Image of the Sea: Oceanic Consciousness in the Romantic Century

Image of the Sea: Oceanic Consciousness in the Romantic Century

Image of the Sea: Oceanic Consciousness in the Romantic Century

Image of the Sea: Oceanic Consciousness in the Romantic Century


This book explores the unprecedented surge or oceanic feeling in the aesthetic expression of the romantic century. As secular thought began to displace the certainties of a sacral universe, the oceans that give life to our planet offered a symbol of eternity, rooted in the experience of nature rather than Biblical tradition. Images of the sea permeated the minds of the early Romantics, became a significant ingredient of romantic expression, and continued to emerge in the language, literature, art, and music of the nineteenth century. These pages document the evidence for this oceanic consciousness in some of the most creative minds of that century.


Thy way was through the sea,
Thy path through the great waters
Yet thy footprints were unseen

—Psalm 77

Our earth is the sea planet. the dry land on which for so many millennia we have been born and in which we have been buried covers only three-tenths of its watery surface, and at some time during our long journey to claim dominion over that land, we became seafarers. For thousands of years we have been drawn by the challenge of the oceans—sailing the seas for food, profit, and conquest. But century after century the sea exacted its toll on human life; going down to the sea in ships was full of life-threatening perils. Inevitably, in the course of time, the storm at sea and the shipwreck became archetypal symbols of the hazards of life; the ship became symbolically associated with the individual, along with the community or state, as they struggled for survival in a perilous world.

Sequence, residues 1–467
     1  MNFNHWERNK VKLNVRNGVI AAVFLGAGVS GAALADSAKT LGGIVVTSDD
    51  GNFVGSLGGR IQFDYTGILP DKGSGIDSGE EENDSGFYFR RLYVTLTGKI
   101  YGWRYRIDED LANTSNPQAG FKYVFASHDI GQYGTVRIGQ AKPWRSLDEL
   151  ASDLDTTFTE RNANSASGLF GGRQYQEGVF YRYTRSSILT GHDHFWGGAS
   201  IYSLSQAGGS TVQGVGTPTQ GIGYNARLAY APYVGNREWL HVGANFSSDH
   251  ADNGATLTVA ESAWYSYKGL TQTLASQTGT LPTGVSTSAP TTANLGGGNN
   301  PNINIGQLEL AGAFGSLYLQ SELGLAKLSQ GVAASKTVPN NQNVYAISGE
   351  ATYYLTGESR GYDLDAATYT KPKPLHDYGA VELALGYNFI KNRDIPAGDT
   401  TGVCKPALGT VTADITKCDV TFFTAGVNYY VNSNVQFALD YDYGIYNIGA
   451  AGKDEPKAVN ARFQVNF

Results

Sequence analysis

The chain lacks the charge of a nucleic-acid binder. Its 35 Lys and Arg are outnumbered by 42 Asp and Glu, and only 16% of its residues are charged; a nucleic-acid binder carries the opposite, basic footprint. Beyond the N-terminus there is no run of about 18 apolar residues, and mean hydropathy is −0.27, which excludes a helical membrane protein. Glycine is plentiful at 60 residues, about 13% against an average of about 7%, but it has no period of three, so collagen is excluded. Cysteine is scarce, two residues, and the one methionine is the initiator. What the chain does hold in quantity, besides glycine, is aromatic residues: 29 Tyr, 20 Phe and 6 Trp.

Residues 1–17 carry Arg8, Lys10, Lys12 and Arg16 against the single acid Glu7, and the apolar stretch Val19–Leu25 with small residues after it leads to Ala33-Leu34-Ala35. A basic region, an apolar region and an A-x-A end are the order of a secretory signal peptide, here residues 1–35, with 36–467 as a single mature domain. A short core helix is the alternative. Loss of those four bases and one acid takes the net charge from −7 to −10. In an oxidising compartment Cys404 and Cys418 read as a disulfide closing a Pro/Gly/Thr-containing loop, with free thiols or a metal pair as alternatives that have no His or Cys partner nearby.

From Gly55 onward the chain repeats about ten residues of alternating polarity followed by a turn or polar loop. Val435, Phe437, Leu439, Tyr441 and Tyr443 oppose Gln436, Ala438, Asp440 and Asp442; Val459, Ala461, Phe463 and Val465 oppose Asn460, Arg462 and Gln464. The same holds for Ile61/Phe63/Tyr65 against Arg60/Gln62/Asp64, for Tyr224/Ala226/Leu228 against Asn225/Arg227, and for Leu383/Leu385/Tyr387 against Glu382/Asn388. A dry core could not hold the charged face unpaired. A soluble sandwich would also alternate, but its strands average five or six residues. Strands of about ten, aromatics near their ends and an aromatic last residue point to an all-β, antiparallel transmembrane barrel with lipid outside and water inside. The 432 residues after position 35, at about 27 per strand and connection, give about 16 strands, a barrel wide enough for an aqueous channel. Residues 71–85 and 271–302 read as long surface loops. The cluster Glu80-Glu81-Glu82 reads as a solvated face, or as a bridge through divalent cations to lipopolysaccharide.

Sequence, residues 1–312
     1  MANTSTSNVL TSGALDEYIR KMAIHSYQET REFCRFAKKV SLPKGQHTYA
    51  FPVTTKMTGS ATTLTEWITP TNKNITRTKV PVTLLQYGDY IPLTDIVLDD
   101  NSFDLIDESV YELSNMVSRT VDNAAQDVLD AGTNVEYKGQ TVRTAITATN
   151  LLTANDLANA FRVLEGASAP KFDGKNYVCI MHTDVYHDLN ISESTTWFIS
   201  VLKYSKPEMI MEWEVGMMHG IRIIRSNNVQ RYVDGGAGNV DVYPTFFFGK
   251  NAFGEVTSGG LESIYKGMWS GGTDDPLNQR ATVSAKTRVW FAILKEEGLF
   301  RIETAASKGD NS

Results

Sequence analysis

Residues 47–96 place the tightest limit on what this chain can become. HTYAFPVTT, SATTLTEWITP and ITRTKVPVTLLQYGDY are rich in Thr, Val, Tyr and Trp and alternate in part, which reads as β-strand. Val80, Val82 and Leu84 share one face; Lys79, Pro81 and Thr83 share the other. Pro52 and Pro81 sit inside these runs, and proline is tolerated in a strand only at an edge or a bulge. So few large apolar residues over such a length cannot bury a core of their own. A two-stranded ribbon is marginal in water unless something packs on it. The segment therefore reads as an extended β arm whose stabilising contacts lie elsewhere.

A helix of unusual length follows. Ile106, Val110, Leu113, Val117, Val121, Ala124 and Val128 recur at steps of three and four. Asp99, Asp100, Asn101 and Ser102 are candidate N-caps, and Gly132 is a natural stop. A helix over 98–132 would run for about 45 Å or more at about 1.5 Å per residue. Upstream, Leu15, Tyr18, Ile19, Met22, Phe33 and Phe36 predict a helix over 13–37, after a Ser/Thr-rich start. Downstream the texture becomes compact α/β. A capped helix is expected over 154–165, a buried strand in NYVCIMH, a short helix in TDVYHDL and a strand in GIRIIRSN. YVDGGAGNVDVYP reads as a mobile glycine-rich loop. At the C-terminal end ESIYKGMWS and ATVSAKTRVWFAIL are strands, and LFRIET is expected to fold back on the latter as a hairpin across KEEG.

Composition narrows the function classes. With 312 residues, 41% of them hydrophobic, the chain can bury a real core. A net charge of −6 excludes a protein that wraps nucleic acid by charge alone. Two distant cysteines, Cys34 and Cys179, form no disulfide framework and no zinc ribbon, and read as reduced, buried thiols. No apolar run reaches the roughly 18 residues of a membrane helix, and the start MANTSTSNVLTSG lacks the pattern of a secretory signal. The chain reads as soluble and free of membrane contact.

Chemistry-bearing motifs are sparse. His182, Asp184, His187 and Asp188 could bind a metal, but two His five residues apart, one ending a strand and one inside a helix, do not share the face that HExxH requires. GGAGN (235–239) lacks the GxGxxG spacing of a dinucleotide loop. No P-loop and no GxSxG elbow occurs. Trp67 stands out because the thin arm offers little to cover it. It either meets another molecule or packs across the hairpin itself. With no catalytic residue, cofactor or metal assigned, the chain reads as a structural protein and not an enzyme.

These pages are concerned with the sea as image—not as a geographical fact, but as it is beheld: nature’s palpable immensity against which our own human powers are forever tested. Impressions of the sea on human imagination are registered in the heritage of most cultures over the centuries, both in artistic and literary expression. in the Western world, the intellectual and political revolutions of the seventeenth to nineteenth centuries gave new and widespread meaning to the old metaphor of life’s voyage on storm-tossed seas. By the end of those years the countries bordering on the Atlantic Ocean brought to a climax the age of sea travel in wind-driven ships; and during the nineteenth century—the century of romanticism and of the rise of science— . . .

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